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72 Hour Kit - Minimalist-ish

There is quite a bit of debate on what should go into a 72-hour kit. Hell, let’s be honest, there is a huge debate on what a 72-hour kit is exactly. Is it a bug-out bag, is it an INCH bag, is it a small survival kit? Our take on a 72-hour kit is somewhere between a survival kit and a day-hike bag. This kit is something that you should take on you when you are going on a 3-day hunting trip, a light hike into the woods or even used as a get home bag for your car. Like most things in the survival/preparedness realm, the end-user (should) knows what works for them and their particular situation or perceived risks. This is our take on a well-rounded kit that is light-weight and contains enough gear that even someone with very little training could make it for 72 hours in most emergency situations. Remember, all the gear in the world will do you little good if you don’t know how to use it.

The first item to discuss is the bag itself. The bag that you choose for this kit should be selected with a few criteria in mind. First, durability. We prefer a small canvas messenger bag, a small sling pack made of quality materials or a small day-pack made of quality materials. Weight should be factored in. Like those people that carry everything, including the kitchen sink (which we highly doubt) for EDC, weight must be considered. This pack should not be a hinderance to your mobility and should not be so heavy that you simply don’t want to carry it. Fitness levels and experience should determine what you select. The last consideration should be for space. The pack should have enough room to carry the essentials that we will discuss below and have room left over for storage of any resources that you may run across when trekking to your destination. We would be remiss if we didn’t mention a way to keep it dry. Canvas can be waterproofed and waterproof covers can be purchased for sling and backpacks. Additionally, a trash bag can be a great improvised waterproofing implement.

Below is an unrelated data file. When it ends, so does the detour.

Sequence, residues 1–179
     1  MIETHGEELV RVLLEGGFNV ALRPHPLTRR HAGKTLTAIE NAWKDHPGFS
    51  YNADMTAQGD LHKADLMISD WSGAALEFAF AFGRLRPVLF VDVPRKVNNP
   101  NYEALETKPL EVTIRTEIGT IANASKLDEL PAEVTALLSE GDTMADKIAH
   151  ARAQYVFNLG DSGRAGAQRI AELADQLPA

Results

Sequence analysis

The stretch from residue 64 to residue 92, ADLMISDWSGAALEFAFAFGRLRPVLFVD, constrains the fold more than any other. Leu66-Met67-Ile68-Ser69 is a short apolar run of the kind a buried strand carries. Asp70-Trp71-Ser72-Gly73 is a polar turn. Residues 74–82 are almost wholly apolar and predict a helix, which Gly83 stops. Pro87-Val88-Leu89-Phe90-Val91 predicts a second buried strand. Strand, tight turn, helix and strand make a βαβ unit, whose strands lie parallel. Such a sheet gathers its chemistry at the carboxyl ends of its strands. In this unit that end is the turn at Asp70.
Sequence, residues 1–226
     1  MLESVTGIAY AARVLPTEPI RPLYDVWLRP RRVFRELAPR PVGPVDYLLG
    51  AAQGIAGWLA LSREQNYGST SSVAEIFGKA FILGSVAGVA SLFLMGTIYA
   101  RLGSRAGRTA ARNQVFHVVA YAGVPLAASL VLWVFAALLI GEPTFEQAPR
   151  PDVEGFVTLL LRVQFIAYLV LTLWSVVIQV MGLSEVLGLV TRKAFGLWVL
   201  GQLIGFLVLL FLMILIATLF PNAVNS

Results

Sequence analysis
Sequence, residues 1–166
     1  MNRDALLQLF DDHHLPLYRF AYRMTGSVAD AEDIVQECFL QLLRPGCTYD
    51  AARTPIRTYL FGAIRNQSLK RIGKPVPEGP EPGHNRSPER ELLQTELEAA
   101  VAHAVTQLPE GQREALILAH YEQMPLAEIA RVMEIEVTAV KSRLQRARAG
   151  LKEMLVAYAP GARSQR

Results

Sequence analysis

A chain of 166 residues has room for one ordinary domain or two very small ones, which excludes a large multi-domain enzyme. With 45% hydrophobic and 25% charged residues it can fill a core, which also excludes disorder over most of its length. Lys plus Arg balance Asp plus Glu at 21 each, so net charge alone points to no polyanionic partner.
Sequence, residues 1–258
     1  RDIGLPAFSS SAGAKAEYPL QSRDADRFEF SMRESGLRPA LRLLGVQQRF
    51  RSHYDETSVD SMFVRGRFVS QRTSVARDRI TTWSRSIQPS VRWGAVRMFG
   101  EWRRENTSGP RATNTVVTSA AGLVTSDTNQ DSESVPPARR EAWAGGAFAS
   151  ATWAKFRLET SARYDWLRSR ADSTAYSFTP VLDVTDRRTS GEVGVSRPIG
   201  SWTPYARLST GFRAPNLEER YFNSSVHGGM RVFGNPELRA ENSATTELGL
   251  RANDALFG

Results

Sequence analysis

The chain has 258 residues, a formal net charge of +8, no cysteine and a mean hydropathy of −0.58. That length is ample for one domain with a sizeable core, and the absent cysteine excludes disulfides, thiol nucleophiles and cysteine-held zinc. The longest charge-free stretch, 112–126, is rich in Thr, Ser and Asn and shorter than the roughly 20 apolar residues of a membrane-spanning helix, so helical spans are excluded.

Water is the first priority in this kit. We recommend a few things to have stashed away. A container can be made primitively and of course, one can always find trash that may be used for such an endeavor; however, these methods are not ideal and can be time and calorie consuming. A wide mouth, single wall, stainless steel container can be used to boil water and you can cook in it. Alternatively, a pot can be used; however, it is more difficult to carry water in and is typically heavier. Boiling is undoubtedly the best way to organically sterilize water but sometimes you need to keep moving, this is where a good water filter comes in. We recommend the Sawyer Mini or Squeeze system. The Sawyer system is similar to other ceramic rod filters on the market but lends itself to being more functional. The important thing is that you know the capabilities of the filter you use and what it is effective at removing in regards to organic and inorganic contamination. We also include water purification tablets when you absolutely must treat water on the move. Having a good knowledge of the waterways and terrain in your location will allow you to acquire and make safe water for drinking and hygiene. One important thing to remember when collecting water is to prevent cross contamination between your dirty water collection device and the container that you are storing clean water in. The Sawyer Mini and Squeeze system come with a water pouch to collect dirty water in. A helpful item to include with your water supplies is a secondary container to use for storage and drinking, we typically include something like a stainless-steel cup that nests with the water bottle or something collapsible like a Hydrapak Stash (a great, durable product).

Shelter can be accomplished with a hammock if you have the room and weight to spare. In addition, a tarp provides a number of ways to set up a shelter with or without a hammock. If you want to go very light weight, three to four 3 mil or thicker contractor bags or drum liners can make a great shelter and provide for a comfortable browse bed. The addition of a mylar emergency blanket doesn’t hurt and doesn’t increase weight significantly. A shemagh is a valuable piece of gear that not only helps with shelter but can help with water collection, prefiltering and fire building as well as signaling if the color stands out in contrast to your surrounding environment. A 25’ hank of paracord for ridgelines is invaluable as well as an additional 50-100’ of cordage.